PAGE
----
Java: How to Program, 9th Edition (Deitel)

Author: Harvey Deitel
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by anonymous   2018-03-19

From Java How to Program about abstract classes:

Because they’re used only as superclasses in inheritance hierarchies, we refer to them as abstract superclasses. These classes cannot be used to instantiate objects, because abstract classes are incomplete. Subclasses must declare the “missing pieces” to become “concrete” classes, from which you can instantiate objects. Otherwise, these subclasses, too, will be abstract.

To answer your question "What is the reason to use interfaces?":

An abstract class’s purpose is to provide an appropriate superclass from which other classes can inherit and thus share a common design.

As opposed to an interface:

An interface describes a set of methods that can be called on an object, but does not provide concrete implementations for all the methods... Once a class implements an interface, all objects of that class have an is-a relationship with the interface type, and all objects of the class are guaranteed to provide the functionality described by the interface. This is true of all subclasses of that class as well.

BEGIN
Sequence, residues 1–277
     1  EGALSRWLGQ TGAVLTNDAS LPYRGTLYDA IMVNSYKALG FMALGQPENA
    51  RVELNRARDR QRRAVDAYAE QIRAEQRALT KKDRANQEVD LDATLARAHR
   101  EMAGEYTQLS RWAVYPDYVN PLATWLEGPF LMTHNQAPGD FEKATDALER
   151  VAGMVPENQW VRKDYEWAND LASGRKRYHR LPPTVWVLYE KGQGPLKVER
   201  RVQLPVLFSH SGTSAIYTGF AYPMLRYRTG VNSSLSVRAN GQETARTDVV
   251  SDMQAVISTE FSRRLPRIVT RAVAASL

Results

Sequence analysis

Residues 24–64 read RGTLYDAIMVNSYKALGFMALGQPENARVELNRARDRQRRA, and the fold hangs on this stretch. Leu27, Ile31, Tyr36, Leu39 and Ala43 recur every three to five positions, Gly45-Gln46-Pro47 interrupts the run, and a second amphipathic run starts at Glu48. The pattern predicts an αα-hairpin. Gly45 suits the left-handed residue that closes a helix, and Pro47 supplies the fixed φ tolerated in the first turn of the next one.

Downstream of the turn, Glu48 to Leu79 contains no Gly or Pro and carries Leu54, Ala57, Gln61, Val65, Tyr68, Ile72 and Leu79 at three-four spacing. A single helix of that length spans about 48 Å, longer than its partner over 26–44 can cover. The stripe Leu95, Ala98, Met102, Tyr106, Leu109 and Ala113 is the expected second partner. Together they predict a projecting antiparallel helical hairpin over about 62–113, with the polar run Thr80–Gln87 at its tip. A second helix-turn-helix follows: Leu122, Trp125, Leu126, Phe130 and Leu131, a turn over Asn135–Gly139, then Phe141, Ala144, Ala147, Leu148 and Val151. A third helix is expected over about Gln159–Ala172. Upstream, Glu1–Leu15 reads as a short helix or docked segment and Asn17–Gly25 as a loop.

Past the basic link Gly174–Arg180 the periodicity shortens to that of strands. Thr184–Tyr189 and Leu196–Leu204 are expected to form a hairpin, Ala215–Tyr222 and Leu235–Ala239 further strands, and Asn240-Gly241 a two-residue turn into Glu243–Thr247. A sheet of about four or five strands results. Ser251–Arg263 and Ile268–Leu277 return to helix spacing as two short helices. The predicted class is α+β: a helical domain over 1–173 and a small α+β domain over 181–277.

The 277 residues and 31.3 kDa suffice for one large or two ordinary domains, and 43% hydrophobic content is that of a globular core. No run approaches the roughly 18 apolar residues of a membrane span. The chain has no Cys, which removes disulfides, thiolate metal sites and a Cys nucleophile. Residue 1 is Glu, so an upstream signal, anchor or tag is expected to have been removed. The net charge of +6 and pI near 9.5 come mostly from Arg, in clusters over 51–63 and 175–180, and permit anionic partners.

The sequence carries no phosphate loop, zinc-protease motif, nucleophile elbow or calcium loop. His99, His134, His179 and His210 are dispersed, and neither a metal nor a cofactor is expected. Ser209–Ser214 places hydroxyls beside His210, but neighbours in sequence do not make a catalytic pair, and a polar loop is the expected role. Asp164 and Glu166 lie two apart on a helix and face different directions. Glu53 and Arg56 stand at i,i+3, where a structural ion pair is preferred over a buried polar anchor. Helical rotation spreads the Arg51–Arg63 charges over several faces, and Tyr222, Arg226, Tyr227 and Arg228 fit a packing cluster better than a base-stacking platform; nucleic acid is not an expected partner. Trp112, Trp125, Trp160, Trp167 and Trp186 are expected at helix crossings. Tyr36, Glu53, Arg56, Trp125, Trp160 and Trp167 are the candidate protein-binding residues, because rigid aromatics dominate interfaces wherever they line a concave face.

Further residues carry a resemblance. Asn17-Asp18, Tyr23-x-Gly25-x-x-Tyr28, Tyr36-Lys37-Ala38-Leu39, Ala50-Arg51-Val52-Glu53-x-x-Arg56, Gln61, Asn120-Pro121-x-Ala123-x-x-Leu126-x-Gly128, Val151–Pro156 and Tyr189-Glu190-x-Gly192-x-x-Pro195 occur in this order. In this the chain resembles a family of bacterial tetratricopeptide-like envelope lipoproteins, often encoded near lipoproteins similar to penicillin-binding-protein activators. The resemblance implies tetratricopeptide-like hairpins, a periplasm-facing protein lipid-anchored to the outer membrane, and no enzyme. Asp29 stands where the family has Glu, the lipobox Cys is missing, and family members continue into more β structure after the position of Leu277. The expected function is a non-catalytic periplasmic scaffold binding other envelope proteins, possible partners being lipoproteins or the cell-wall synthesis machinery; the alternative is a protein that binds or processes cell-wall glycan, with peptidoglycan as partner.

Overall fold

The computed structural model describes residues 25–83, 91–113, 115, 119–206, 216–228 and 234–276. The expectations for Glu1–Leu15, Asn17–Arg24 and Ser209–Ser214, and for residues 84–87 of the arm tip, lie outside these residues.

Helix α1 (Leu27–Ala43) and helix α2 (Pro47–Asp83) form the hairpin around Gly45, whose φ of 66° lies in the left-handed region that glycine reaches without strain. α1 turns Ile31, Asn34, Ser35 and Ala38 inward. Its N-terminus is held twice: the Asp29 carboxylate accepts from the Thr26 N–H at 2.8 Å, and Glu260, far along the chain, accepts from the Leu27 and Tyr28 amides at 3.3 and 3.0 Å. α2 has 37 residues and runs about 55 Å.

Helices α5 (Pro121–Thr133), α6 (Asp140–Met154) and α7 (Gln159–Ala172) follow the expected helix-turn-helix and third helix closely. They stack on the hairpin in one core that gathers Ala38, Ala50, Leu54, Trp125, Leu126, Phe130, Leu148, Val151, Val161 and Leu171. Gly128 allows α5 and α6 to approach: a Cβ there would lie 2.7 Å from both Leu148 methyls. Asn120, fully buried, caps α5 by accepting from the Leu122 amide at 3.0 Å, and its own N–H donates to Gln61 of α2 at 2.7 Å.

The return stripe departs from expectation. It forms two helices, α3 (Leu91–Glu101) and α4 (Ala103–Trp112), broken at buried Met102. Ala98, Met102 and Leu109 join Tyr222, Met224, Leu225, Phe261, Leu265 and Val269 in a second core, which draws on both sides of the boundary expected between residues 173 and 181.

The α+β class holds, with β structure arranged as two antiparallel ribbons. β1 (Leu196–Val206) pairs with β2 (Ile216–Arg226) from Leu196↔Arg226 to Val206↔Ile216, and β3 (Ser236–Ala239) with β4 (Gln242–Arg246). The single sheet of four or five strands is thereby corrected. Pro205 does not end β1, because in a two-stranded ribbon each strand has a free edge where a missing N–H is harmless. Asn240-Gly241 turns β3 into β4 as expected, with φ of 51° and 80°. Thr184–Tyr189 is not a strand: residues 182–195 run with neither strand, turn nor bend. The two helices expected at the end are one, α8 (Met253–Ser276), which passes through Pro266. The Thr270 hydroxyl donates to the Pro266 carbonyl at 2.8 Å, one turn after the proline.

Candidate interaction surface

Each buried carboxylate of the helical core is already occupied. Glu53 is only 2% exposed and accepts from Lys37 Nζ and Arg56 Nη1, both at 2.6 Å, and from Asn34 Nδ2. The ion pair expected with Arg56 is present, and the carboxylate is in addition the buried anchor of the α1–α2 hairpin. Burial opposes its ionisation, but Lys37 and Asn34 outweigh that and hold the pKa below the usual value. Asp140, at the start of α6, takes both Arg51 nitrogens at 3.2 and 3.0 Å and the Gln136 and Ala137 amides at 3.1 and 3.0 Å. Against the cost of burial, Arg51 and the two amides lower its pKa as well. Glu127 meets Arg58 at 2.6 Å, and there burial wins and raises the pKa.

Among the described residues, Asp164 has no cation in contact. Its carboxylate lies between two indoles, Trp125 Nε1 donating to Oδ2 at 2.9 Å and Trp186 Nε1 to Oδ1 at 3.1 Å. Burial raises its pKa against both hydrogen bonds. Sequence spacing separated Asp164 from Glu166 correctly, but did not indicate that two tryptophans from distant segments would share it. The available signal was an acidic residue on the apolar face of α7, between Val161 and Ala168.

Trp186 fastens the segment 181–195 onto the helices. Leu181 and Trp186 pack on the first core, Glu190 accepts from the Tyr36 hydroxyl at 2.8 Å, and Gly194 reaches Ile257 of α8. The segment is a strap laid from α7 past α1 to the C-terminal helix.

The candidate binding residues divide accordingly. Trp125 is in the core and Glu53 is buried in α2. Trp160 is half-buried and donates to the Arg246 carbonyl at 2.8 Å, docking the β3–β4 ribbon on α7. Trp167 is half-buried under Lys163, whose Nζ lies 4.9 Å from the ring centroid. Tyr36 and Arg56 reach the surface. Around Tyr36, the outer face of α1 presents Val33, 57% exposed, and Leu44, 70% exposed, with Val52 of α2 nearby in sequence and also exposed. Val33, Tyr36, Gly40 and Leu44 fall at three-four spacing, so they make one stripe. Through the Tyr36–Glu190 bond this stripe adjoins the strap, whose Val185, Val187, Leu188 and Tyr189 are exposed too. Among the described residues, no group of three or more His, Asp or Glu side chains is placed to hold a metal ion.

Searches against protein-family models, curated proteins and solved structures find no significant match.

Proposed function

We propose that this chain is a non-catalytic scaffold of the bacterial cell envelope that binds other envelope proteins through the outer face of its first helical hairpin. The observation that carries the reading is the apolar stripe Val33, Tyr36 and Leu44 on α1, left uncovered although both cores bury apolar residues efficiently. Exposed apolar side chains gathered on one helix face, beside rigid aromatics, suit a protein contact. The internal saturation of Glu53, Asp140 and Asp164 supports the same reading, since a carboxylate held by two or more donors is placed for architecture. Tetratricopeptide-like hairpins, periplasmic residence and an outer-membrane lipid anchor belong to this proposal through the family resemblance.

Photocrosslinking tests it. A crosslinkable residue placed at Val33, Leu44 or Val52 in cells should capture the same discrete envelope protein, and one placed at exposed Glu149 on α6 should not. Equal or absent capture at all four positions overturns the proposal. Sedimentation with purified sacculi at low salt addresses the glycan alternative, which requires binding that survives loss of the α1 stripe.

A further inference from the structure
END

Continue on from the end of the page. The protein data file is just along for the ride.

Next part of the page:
So, to answer your question "I was wondering when I should use interfaces", I think you should use interfaces when you want a full implementation and use abstract classes when you want partial pieces for your design (for reusability)